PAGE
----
James Slatic and his family are fighting to get back $100K that was seized nine months ago by the San Diego D.A. They haven’t been charged with a crime.
James Slatic, a California medical marijuana business owner, found out all his family’s bank accounts had been seized by the government one day in January when his 19-year-old daughter tried to buy lunch at the San Jose State University cafeteria and her card was declined.
Slatic’s wife tried to transfer money to their daughter, figuring she had simply overdrawn her account, as teenagers are wont to do, but her account wouldn’t work, either. What the Slatics soon learned was the San Diego police had frozen all of their bank accounts: $55,258 from Slatic’s personal checking and savings account; $34,175 from his wife Annette’s account; and a combined $11,260 from the savings accounts of their two teenage daughters, Penny and Lily.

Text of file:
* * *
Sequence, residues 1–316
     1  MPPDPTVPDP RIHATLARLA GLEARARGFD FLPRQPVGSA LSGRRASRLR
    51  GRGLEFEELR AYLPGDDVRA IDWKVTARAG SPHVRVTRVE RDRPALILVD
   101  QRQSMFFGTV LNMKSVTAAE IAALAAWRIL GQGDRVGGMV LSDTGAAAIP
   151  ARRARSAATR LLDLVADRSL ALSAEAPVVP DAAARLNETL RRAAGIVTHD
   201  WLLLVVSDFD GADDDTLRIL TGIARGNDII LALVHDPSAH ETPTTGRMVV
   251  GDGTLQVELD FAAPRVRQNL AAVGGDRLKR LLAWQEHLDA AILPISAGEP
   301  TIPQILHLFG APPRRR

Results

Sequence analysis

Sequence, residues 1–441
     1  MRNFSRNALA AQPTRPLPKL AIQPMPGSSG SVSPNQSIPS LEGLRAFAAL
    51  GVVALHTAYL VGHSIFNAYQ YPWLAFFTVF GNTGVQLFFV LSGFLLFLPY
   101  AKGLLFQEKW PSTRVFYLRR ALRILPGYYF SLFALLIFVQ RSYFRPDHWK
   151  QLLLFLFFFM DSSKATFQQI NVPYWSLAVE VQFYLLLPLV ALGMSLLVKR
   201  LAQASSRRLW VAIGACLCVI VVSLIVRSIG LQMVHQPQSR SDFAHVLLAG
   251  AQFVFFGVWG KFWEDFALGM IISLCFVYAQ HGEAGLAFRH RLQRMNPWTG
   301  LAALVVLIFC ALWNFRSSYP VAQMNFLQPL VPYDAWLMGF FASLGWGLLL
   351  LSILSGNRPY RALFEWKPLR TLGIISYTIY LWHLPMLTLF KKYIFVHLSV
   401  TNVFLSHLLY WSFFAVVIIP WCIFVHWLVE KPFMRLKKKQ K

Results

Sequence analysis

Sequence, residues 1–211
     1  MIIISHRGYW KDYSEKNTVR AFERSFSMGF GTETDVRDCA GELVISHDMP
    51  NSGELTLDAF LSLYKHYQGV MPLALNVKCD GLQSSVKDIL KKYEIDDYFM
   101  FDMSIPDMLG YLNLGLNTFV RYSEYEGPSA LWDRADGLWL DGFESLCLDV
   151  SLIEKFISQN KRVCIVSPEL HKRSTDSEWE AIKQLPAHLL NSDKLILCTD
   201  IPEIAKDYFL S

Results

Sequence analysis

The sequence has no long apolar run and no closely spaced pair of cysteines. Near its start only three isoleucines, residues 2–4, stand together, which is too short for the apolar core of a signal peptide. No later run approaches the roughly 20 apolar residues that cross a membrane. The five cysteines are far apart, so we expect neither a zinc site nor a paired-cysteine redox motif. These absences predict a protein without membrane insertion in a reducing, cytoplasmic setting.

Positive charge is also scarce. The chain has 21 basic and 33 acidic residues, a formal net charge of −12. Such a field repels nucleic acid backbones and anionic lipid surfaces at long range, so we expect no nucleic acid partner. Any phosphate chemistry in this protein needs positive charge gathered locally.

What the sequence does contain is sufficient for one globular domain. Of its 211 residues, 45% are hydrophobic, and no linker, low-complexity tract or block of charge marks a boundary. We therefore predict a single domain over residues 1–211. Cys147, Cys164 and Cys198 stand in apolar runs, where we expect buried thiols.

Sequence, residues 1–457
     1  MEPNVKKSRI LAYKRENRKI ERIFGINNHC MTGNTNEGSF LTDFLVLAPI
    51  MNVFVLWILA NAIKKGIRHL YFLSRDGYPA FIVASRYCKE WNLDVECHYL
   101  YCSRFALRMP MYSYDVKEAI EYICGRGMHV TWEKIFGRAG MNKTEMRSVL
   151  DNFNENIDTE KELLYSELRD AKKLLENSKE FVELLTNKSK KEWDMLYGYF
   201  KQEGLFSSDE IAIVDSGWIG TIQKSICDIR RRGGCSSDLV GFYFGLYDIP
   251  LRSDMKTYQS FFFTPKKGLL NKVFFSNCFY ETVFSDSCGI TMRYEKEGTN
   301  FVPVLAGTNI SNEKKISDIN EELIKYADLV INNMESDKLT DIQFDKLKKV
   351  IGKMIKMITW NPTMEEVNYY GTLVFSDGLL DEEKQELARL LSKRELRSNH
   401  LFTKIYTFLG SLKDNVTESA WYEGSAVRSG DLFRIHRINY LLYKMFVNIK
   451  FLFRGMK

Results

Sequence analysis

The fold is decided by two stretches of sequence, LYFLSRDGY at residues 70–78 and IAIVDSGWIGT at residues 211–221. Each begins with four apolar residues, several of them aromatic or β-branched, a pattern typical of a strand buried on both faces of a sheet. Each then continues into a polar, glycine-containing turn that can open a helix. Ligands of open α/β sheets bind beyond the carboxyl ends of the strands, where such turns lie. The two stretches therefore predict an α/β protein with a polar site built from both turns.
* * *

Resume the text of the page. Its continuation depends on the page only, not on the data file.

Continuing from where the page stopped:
“Just imagine what it’s like when you’re a 57-year-old business man with three kids and a house, and supporting elderly parents, and all the sudden all your money is gone,” Slatic says in an interview with Reason. “It’s disappeared. Your car payment bounces, your insurance doesn’t go through.”
The Slatics’ crimes? None. Or at least, the San Diego District Attorney’s Office hasn’t charged them with any in the nine months since it seized their accounts.
On Tuesday the Institute for Justice, a libertarian-leaning public interest law firm, filed a motion in California district court seeking the return of roughly $100,000 of the Slatic family’s money. The Institute for Justice argues the seizure was a brazen and illegal use of civil asset forfeiture, a practice that allows police to seize property they suspect is connected to a crime. The owner often does not have to be convicted or even charged with a crime.